Jeweled Skeletons of Christian Saints

By on September 29, 2013

The new book Heavenly Bodies: Cult Treasures and Spectacular Saints from the Catacombs by Paul Koudounaris provide a rare look at the Europe’s jeweled skeletons of Christian saints.

Heavenly Bodies by Paul Koudounaris features photos of Europe's jeweled skeletons of Christian saints

In the 16th century the Protestant Reformation lead to the destruction of many religious images. Iconoclasm continued into the 17th century as Europe’s Catholic churches were stripped of their imagery and relics. When a labyrinth of underground tombs was found in Rome, the Vatican ordered that thousands of skeletons be exhumed from the catacombs and sent to towns throughout Germany, Austria and Switzerland.

Considering their burial, the remains most likely did not belong to anyone of religious significance. However, that did not stop the Church from giving them the names of Catholic saints and lavishly dressing them in gold and precious stones to remind the faithful of what awaited them in the afterlife.

Skeptics soon began to question the church’s outlandish claims, including the validity of the remains. In the 19th century an Italian archeologist determined the majority of the burials in the catacombs dated to after Christianity was legalized by Emperor Constantine in the year 313. This eliminated the possibility that the remains were of early Christians persecuted for their beliefs. The Church continued to reaffirm its claims to avoid scandal, but many of the “saints” were eventually sold off or boarded up and hidden from view.

The Vatican continued to unearth these remains and send them out to bolster faith for two centuries. Paul Koudounaris, author of Empire of Death, gained unprecedented access to these bizarre relics for his new book, revealing some for the first time ever in publication.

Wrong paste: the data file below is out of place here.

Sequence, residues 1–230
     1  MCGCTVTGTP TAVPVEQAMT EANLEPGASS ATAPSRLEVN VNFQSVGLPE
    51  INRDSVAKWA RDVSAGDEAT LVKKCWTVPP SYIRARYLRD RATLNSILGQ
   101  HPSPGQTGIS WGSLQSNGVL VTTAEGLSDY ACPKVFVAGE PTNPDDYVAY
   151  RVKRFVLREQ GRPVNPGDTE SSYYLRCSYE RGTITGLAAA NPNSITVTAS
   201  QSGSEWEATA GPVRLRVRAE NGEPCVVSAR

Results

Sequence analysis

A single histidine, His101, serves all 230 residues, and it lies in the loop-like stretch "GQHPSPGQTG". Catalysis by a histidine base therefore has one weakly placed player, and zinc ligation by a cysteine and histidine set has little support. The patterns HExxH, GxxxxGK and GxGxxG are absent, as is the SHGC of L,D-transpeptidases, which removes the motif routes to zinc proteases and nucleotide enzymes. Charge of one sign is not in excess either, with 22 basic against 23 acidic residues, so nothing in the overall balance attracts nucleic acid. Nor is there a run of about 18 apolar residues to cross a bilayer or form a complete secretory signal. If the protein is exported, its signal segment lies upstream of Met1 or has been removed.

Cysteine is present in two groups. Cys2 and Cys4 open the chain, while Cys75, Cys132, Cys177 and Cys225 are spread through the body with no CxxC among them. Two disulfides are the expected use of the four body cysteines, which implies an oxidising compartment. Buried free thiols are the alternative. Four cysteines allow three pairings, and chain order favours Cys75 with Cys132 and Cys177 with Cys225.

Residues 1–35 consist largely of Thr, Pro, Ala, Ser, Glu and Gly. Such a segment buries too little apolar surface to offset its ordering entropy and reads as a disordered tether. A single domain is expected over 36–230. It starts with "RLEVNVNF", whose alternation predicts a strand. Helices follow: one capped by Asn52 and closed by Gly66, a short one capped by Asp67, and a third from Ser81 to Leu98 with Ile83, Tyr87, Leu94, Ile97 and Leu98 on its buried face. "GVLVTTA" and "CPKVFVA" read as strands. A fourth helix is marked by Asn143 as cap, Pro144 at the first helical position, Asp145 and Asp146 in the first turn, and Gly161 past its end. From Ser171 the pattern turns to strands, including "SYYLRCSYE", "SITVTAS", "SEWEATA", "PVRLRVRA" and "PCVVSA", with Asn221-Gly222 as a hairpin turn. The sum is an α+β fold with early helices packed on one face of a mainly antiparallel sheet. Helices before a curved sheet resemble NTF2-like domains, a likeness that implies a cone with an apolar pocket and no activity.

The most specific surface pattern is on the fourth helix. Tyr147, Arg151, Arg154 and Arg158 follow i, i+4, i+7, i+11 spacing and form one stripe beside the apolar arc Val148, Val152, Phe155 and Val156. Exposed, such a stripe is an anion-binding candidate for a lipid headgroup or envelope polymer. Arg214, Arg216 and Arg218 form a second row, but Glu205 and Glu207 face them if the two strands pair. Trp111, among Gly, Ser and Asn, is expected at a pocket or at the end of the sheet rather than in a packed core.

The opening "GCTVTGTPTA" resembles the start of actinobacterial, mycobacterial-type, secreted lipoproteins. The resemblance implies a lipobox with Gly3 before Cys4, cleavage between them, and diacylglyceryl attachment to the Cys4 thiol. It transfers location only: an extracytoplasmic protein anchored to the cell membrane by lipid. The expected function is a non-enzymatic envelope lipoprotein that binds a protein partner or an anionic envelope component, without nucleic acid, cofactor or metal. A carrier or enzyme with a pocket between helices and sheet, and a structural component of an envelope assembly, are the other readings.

The jeweled remains of a Catacomb Saint from Heavenly Bodies

Heavenly Bodies is a fascinating glimpse into the history of the Catacomb Saints, including their exhumation and construction. Grab your copy here:

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3 Comments

  1. Lexi

    June 14, 2016 at 2:41 am

    Honestly I think this and all the Catacombs and churches made of skeletons are incredibly disrespectful to the dead.

  2. Lara Graham

    September 30, 2013 at 8:29 pm

    here’s a good idea…how about the catholic church take all that gold and jewels and give it to the poor? Didn’t think so, more use on some dead dude.

    • Very

      August 11, 2014 at 12:00 am

      Heres an even better idea, stop being a moron. You would never expect the Louvre to empty its museum of religious articles they have on display, so why would you expect the Catholic church to do so. The relics, jewels and artistic pieces are every bit as historically valued, sometimes more so, than even the items housed in museums. Furthermore, many of the churches take the donations left by tourists and visitors, and do exactly that, donate them to the poor. Next time think before you open your trap!

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